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on partial knowledge

August 10, 2010

Yesterday was my final one at the Academy as I need to get down to Ottawa tomorrow before moving onto Oshawa and Washington. I finally return to the UK at the weekend. I started the day with a session on ethics in management and moved onto exaptation and knowledge management by way of a failed attempt to get in on another Mintzburg session and a bit of tourism around two Cathedrals (see photostream for results). The session on ethics was interesting as there was some attempt to involve philosophy. That said, creating a triangle between Aristotle, Kant and Mill and claiming that as a full representation indicates that there is some way to go. More on ethics and exaptation later, they require more substantive posts and need more time than I have today after a long drive.

The knowledge management session worried me. There was one interesting paper describing the way in which statistics and narratives had been used (and abused) in an Australian Government report on how older people gain/retain employment. It showed how non-experts were forced into recounting their stories in giving evidence, but were not permitted to present statistical evidence, in effect made subjects not participants. Their stories were then taken up and distorted in subsequent discussions, but the official language of the final report was all stats. For me it pointed up the way in which anecdotal knowledge is often restricted to folk knowledge, or the raw discourse of the subjects of research or political action. In contrast the language of power is the language of statistics and that is reserved for the elite who also interpret the narrative to satisfy their needs for authenticity. Our work which links numbers to anecdotal material has the potential to allow the research subject to regain power of interpretation, and thus distribute the power of evidence based reasoning.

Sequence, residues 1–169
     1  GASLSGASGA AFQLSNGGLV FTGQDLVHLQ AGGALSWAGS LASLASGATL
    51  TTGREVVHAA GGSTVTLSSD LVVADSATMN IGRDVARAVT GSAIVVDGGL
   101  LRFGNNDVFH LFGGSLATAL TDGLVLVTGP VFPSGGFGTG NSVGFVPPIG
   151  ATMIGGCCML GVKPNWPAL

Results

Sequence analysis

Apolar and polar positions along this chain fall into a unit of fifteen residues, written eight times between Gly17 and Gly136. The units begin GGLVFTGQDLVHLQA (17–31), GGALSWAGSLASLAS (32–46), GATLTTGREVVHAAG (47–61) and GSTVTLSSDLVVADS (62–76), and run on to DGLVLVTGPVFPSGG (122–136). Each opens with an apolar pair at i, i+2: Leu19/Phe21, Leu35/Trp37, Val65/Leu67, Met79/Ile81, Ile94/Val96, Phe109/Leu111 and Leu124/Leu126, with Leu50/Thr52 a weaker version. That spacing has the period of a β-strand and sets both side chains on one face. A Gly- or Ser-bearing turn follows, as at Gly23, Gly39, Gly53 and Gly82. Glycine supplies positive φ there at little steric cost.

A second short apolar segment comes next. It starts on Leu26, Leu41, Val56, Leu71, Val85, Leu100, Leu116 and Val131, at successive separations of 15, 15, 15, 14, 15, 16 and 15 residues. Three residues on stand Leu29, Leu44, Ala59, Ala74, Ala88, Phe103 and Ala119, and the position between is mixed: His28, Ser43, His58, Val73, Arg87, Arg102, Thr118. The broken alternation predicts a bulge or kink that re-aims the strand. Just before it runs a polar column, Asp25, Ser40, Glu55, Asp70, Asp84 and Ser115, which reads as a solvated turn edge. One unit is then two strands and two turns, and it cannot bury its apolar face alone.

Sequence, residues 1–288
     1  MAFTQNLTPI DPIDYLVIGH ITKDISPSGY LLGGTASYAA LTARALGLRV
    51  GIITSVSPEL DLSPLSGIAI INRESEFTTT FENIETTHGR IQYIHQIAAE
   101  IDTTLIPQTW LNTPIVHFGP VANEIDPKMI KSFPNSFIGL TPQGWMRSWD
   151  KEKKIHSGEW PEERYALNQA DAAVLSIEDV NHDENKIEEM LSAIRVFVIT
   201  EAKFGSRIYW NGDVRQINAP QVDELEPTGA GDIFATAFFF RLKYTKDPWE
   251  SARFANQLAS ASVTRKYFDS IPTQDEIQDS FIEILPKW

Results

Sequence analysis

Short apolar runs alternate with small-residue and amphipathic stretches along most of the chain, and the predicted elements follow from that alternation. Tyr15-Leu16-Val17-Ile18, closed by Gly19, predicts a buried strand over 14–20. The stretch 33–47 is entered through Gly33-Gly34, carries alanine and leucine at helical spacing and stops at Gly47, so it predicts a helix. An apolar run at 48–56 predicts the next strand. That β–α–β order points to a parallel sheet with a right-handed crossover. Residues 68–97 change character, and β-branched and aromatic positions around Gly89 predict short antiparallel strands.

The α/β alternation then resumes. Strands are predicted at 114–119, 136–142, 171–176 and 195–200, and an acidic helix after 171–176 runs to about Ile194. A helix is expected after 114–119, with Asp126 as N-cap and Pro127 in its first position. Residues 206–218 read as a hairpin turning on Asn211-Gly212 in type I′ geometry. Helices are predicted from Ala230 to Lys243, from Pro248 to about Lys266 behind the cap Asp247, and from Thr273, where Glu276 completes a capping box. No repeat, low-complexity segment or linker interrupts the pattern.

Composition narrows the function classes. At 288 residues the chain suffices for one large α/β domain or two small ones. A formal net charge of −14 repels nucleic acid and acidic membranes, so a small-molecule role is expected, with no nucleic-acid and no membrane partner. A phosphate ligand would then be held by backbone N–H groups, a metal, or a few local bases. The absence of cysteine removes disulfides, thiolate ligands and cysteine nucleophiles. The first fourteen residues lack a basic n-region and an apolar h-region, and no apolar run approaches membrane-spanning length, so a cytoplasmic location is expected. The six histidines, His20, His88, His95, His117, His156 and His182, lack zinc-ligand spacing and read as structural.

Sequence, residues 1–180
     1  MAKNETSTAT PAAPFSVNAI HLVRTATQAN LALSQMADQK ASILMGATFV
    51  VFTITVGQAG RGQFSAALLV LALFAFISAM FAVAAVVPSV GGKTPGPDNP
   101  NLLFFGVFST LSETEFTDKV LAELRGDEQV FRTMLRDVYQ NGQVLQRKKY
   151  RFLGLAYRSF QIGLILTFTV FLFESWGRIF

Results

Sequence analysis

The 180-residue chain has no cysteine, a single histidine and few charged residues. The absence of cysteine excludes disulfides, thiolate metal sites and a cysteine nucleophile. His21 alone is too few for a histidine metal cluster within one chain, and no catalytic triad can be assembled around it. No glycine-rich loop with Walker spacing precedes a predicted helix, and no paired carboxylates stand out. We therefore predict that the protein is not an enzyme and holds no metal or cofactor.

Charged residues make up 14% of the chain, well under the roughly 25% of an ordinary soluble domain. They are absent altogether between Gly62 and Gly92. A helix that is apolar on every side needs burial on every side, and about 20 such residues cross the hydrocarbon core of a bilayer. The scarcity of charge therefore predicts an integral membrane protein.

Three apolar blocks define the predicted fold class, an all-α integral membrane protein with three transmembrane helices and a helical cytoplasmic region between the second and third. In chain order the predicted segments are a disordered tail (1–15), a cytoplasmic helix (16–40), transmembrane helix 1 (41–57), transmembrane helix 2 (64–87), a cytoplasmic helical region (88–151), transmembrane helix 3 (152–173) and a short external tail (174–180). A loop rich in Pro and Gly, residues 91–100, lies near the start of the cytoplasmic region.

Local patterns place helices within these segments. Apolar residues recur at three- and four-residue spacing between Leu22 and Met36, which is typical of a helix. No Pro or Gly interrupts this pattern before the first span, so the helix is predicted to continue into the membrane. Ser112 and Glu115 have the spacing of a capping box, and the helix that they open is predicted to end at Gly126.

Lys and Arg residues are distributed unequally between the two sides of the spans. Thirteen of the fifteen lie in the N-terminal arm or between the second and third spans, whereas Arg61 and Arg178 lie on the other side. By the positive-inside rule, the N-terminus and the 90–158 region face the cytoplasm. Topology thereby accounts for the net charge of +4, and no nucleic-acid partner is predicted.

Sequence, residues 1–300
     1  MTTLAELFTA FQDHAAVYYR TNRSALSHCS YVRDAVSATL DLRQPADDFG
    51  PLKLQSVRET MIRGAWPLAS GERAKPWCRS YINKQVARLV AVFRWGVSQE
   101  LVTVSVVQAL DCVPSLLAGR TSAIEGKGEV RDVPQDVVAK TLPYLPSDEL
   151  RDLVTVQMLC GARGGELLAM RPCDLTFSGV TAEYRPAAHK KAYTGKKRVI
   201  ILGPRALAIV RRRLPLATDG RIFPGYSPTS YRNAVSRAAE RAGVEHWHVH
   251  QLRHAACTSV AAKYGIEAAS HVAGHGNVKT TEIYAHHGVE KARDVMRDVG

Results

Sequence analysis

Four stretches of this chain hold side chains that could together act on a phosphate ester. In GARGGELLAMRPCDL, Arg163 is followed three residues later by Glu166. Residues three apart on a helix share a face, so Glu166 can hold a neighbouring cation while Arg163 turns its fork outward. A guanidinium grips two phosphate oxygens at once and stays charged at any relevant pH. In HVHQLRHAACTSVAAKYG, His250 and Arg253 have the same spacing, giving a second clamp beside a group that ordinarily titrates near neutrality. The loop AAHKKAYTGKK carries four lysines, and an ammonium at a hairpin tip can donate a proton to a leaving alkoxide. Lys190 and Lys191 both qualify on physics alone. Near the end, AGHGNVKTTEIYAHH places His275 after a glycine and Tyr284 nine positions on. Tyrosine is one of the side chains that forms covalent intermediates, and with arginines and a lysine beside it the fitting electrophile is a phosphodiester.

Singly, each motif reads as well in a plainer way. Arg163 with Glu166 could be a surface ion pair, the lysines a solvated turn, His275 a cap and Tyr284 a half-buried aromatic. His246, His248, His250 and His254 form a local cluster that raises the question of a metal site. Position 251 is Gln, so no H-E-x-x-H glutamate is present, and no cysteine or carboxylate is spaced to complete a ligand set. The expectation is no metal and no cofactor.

The final paper in the session illustrated one of the main dangers of statistics. The mathematics was wonderfully impressive, columns of figures and formulae all to “prove” that outsourcing outside the country is more effective that doing it within your country. Now that was a bold conclusion, backed up with all the authority of numbers. However the work was only done in one country (France) in one period (a part of a life cycle) and with no differentiation between industry sectors. The only evidence used was French Government reports. Impressive maths, but irrelevant conclusions in consequence. Too much so called objective research is like that.

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